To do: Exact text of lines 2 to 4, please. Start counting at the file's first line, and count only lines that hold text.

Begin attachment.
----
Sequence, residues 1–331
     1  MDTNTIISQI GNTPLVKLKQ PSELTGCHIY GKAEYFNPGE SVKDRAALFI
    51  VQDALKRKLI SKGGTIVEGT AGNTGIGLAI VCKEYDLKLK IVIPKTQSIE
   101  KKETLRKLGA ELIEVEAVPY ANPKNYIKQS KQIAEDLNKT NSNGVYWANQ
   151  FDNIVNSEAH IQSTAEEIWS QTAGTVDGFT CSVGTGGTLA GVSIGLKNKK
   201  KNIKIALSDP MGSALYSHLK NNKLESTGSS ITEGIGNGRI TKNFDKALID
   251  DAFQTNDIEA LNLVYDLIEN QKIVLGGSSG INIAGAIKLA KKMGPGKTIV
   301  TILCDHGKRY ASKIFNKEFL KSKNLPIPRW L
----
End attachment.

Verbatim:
     1  MDTNTIISQI GNTPLVKLKQ PSELTGCHIY GKAEYFNPGE SVKDRAALFI
    51  VQDALKRKLI SKGGTIVEGT AGNTGIGLAI VCKEYDLKLK IVIPKTQSIE
   101  KKETLRKLGA ELIEVEAVPY ANPKNYIKQS KQIAEDLNKT NSNGVYWANQ